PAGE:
Wheatstone Symphonium

This was the direct predecessor of the English concertina. It is mouth-blown through the ivory mouthpiece. The keys on each side of the instrument are clearly visible. The layout is the same as for an English concertina. It is surprisingly small - I have included a match in the picture to give some idea of scale. The workmanship is exquisite. It is a somewhat clumsy instrument to play, which must have led Wheastone to the development of the bellows powered concertina.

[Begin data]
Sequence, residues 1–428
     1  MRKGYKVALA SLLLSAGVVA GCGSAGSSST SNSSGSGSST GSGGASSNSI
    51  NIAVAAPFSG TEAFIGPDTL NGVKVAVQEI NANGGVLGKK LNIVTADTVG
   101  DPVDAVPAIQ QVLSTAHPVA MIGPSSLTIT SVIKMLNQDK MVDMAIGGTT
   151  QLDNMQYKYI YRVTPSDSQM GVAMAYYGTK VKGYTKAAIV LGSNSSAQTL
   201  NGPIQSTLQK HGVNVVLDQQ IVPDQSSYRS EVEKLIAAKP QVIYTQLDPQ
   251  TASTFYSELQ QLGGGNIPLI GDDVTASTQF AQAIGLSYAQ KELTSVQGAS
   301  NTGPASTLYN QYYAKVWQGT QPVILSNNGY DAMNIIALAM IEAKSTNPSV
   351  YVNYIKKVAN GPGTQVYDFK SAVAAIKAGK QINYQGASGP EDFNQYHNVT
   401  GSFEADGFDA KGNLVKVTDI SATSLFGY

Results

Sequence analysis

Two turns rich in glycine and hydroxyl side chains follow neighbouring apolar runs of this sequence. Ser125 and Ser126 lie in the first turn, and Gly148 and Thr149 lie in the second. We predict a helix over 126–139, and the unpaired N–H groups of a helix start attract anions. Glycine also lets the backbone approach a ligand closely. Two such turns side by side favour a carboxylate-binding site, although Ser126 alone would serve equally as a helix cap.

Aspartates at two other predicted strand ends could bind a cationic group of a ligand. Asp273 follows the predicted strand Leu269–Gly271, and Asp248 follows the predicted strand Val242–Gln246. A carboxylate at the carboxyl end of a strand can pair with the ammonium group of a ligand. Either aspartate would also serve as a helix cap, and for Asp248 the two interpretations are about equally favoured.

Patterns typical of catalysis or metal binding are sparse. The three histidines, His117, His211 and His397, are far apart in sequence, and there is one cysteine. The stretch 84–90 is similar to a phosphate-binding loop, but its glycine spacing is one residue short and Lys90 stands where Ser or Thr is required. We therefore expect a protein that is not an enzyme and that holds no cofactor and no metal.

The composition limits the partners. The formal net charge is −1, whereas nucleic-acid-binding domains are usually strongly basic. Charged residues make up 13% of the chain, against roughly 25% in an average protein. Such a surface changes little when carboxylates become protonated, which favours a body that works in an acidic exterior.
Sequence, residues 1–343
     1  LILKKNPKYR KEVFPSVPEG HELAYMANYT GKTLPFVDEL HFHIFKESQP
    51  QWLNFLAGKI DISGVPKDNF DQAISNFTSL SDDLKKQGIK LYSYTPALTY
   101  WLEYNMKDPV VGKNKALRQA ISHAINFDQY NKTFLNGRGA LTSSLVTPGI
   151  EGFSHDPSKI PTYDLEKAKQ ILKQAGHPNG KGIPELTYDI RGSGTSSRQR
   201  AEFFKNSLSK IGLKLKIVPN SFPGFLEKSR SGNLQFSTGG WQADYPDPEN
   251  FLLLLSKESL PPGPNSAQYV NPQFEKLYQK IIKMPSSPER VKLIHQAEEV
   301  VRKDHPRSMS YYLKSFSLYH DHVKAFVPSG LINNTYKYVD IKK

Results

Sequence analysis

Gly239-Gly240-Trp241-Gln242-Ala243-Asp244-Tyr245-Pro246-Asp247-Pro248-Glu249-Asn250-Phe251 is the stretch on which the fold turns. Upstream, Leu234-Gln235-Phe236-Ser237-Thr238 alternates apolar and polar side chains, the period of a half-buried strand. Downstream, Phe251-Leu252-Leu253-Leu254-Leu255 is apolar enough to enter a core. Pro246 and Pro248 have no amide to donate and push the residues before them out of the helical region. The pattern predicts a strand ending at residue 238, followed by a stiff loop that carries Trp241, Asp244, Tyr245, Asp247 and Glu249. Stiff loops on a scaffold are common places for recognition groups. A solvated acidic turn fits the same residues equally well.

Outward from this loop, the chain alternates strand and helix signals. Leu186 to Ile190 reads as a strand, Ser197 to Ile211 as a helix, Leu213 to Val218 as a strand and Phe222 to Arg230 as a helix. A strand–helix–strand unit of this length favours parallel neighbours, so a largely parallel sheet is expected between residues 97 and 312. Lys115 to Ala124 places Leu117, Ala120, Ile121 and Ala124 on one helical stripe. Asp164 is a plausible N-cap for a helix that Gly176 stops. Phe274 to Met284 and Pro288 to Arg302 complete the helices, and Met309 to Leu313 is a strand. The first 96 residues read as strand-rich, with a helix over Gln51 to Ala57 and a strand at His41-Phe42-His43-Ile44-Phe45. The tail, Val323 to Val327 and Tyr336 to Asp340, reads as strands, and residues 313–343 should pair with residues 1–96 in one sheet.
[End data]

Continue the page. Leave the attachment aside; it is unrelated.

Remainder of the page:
This picture is of symphonium no. 144, currently in the possession of Colin Dipper, who loaned it to me when I assisted in a television programme about Charles Wheatstone. It was found in a junk shop, having been made into a pincushion! Colin values it at about £2500, so start searching those junk shops!